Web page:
Reuters blog archive
Burger King is moving to Canada. The American fast food chain is buying Tim Horton’s in an $11 billion cash-and-stock deal and will incorporate over the border. It’s an obvious tax inversion move. Or is it? According to Burger King’s CEO Daniel Schwartz, “We don’t expect there to be meaningful tax savings or a meaningful change in our tax rate.”
Or not. Matt Zeitlin reports that while that’s technically true today, “the company could reap significant tax savings if it continues to grow overseas.” The consensus is that this is definitely a tax inversion deal. Matt Levine says it’s an “immaculate inversion,” and writes, “the result is that Burger King will do an inversion where a majority of its U.S. shareholders won't owe taxes.”
However, one of the arguments against tax inversions is that they are economically unpatriotic (if there is one thing that characterizes companies, it’s patriotism over profits). But on this point, Timothy Noah writes that “Burger King is only nominally an American company now. It was bought in 2010 by 3G Capital, a Brazilian-owned private equity firm.”
The thing about this deal is it has surfaced debate about corporate taxation more broadly. In a strange pairing of interests, Dean Baker and Greg Mankiw make arguments for abolishing corporate taxes. Mankiw thinks we should replace the corporate tax (and some personal income taxes) with a “broad-based tax on consumption.” Baker says that high corporate taxes have just created a huge tax-avoidance industry and it’s worth abolishing the former to destroy the latter.
By Robert Cyran
The author is a Reuters Breakingviews columnist. The opinions expressed are his own
Snapchat’s valuation is soaring on tech-land pixie dust. The disappearing-photo business has turned 100 million users, strong demand for chat services and the $20 million sale of a tiny equity stake into a $10 billion price tag. Trouble is, the company lacks revenue – and none is in sight. It’s a reminder that Silicon Valley dreams often trump real economics.
from Alan Baldwin:
LONDON, Aug 27 (Reuters) - Marc Marquez talks about fighting for his second successive MotoGP title as if there was some uncertainty about the outcome.
The fact he has won 10 out of 11 races so far, with his amazing run of success ending only this month in the Czech Republic, does not appear to have changed his thinking.
By Martin Hutchinson and Richard Beales
The authors are Breakingviews columnists. All opinions expressed are their own.
Add Marina Silva to the challenges facing Dilma Rousseff. Brazil’s president faces a new opposition candidate in October’s election after Eduardo Campos’ death in a plane crash, and Silva looks a far bigger threat. If she ousts Rousseff, which polls show is possible, Brazil could gain economically from less state meddling.
By Robert Cole
The authors are Reuters Breakingviews columnists. The opinions expressed are their own.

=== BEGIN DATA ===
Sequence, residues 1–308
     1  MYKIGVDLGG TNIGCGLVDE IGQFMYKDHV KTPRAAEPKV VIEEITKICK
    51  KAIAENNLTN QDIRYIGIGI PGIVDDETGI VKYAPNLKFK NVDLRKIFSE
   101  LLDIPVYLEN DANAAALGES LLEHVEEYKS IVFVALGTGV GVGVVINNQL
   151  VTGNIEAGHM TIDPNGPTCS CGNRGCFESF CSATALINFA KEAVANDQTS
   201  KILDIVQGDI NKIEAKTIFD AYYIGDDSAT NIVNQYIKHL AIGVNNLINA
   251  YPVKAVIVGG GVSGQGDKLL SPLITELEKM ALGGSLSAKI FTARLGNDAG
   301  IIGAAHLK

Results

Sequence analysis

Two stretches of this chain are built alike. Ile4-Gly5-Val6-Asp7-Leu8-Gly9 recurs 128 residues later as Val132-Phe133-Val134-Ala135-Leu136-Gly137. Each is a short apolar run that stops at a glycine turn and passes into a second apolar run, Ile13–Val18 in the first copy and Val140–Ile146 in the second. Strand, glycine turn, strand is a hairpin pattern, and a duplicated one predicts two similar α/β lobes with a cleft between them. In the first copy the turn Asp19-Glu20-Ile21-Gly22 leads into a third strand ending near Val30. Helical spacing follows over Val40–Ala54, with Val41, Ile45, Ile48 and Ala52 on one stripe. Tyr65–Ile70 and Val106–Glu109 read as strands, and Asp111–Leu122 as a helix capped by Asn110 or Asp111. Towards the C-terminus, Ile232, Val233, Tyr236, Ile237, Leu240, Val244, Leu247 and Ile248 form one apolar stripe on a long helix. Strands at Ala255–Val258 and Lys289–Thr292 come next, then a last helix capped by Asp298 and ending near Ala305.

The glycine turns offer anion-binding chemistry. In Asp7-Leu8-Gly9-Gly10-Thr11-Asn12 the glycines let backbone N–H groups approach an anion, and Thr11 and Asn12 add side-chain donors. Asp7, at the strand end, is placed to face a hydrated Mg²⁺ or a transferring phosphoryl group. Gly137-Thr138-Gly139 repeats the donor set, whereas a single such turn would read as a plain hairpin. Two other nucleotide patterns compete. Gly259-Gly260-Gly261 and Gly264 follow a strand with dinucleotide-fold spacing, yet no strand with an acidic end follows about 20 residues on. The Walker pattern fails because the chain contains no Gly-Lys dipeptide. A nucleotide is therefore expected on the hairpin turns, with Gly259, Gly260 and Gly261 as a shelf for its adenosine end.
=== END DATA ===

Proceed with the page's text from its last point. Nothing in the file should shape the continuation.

Shareholders ultimately lose out when too-high payouts prevent companies from responding well to problems. Right now, Tesco needs all the financial flexibility it can muster. Its current dividend is dangerously constricting.
from The Great Debate:
The fact that Moscow is behaving badly -- with President Vladimir Putin meddling in Ukraine’s presidential affairs last December, annexing Crimea in March and now, despite denials, likely supporting pro-Russian separatists in eastern Ukraine -- has validated Americans’ view of “evil” Soviets lurking in the new Russian empire. Even before Putin took back Crimea, more than 60 percent of Americans regarded Russia as a bad guy on the world stage.
Politics is largely to blame, but Hollywood may be the true villain in this drama. American culture never adapted to Moscow’s friendlier face. Though the Cold War was over, movie executives decided to ignore that memo. Russia may have been trying to leave behind its bad old days, but in the movies, Russians were still the bad guys.
HONG KONG, Aug 27 (Reuters) - Global private equity firm
Carlyle Group is in advanced talks with China Vanke Co
Ltd, the country's largest property developer, to buy
stakes in nine of its shopping malls, two people with direct
knowledge of the matter told Reuters.
One of the sources said the deal was valued at between 6 and
7 billion yuan ($976 million to $1.14 billion), while the other
said it could be worth up to 10 billion yuan. Both declined to
be named as details of the discussions were private.
By Una Galani
The author is a Reuters Breakingviews columnist. The opinions expressed are her own.
Charoen Sirivadhanabhakdi’s appetite for deals has put his sprawling empire in focus. The Thai drinks-to-property tycoon is eyeing more acquisitions on top of the $3.3 billion his companies have spent this year. Investors have already given a poor reception to his most recent deals. A pick’n’mix approach to public markets may explain some of their doubts.